Partition 1 does not end on cylinder boundary.
/dev/sda2              64       6591   52428800   83 Linux
/dev/sda3            6591       7114    4194304   82 Linux swap / Solaris
/dev/sda4            7114       8921   14516224   83 Linux

 Disk /dev/mapper/OVM_SYS_REPO_PART_3600508b1001c1cf46029dbf4c8e1f13a: 14.9 GB, 
14864613376 bytes
255 heads, 63 sectors/track, 1807 cylinders
Units = cylinders of 16065 * 512 = 8225280 bytes
Sector size (logical/physical): 512 bytes / 512 bytes
I/O size (minimum/optimal): 512 bytes / 512 bytes
Disk identifier: 0x00000000

The default file system layout should look like this:

[root@ovmsvr ~]# df -h
Filesystem     Size  Used  Avail Use%  Mounted on
/dev/sda2       50G  1.2G    46G   3%  /
tmpfs          1.1G     0   1.1G   0%  /dev/shm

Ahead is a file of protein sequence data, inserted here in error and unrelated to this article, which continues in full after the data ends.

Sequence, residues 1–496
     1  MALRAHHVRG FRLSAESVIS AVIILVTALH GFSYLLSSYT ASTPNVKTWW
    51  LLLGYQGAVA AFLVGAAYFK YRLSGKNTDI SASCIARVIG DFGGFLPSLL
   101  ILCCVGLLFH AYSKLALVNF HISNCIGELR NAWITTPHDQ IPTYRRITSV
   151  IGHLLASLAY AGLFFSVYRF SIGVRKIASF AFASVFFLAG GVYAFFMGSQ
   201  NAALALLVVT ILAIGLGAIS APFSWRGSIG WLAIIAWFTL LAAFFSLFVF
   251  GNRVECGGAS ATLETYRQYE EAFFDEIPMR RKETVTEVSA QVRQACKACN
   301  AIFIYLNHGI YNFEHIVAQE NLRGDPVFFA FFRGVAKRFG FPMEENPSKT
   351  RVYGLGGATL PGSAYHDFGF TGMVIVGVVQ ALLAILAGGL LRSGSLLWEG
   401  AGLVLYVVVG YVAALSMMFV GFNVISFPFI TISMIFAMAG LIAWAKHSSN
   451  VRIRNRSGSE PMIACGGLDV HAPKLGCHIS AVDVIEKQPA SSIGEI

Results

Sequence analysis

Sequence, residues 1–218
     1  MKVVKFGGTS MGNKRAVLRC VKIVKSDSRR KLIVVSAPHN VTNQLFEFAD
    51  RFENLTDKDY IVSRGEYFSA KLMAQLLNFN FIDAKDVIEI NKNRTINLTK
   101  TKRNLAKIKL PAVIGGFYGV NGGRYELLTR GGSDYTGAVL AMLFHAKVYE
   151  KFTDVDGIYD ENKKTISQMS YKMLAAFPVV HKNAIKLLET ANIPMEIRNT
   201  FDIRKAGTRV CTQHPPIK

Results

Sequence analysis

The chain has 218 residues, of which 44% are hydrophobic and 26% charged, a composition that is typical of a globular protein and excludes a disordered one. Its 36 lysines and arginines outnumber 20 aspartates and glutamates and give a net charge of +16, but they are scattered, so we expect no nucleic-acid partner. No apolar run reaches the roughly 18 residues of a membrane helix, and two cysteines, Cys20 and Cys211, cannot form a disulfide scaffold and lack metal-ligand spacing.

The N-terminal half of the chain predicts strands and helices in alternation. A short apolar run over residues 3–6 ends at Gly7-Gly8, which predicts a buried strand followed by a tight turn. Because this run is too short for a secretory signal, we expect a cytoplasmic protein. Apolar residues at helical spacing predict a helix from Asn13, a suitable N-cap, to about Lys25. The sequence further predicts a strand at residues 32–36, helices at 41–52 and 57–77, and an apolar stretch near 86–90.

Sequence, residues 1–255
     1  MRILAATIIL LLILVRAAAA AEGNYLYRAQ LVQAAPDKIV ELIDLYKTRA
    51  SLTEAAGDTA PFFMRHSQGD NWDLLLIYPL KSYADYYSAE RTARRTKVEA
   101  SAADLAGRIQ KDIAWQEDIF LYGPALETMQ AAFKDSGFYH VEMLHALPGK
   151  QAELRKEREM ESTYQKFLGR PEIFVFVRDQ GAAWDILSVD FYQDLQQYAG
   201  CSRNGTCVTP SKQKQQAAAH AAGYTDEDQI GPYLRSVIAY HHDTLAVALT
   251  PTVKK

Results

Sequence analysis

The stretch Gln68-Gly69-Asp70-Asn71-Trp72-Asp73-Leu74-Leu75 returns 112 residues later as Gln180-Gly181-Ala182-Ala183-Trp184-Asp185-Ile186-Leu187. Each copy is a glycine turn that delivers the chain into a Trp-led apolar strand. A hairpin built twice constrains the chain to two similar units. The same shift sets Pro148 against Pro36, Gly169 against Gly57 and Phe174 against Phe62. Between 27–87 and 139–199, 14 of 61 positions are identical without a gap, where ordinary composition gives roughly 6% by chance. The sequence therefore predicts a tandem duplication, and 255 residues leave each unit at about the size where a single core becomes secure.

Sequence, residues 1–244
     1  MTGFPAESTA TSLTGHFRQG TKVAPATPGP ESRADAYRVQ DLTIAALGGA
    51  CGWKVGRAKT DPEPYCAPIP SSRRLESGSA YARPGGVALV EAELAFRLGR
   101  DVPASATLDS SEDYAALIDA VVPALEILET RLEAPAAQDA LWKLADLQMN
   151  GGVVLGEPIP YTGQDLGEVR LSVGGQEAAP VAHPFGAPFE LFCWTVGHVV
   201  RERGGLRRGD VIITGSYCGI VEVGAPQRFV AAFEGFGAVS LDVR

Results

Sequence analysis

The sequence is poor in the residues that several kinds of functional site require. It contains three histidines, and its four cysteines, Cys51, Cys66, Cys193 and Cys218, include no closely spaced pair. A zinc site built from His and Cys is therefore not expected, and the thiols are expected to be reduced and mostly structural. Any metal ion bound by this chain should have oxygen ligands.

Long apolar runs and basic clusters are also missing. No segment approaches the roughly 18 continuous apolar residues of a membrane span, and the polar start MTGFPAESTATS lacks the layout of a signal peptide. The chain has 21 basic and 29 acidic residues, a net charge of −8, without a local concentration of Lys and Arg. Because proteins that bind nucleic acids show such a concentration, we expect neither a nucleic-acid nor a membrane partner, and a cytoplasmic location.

/dev/sda1      477M   47M   401M  11%  /boot
none           1.1G   40K   1.1G   1%  /var/lib/xenstored

Note, the /dev/sda drive has 4 partitions but only 3 of them are being used. The /dev/sda1 partition is mounted on /boot. The /dev/sda2 partition is mounted on / (the root filesystem) and the /dev/sda3 partition is used for swap space. The partition /dev/sda4 is unused. The size of this partition is 14,516,224 1K blocks, which equals 14,176 MB, which equals 13.84 GB. The significance and usefulness of this unused 13.84 GB partition will become clear when we create storage repositories later.

That’s it!. Pretty simple, huh?

Task #2: Install Oracle VM Manager.

Oracle VM Manager is a GUI application which runs on top of Linux. Since we’ll be using a dedicated physical computer to run Oracle VM Manager, installing it requires 3 steps. Clink the link you need:

Step #1: Install Oracle Linux.

You may already have a Linux computer ready to install Oracle VM Manager onto. However, be aware there are some hardware and software requirements which must be met in order for the Oracle VM Manager software installation to succeed. The hardware requirements can be found here and the software requirements can be found here.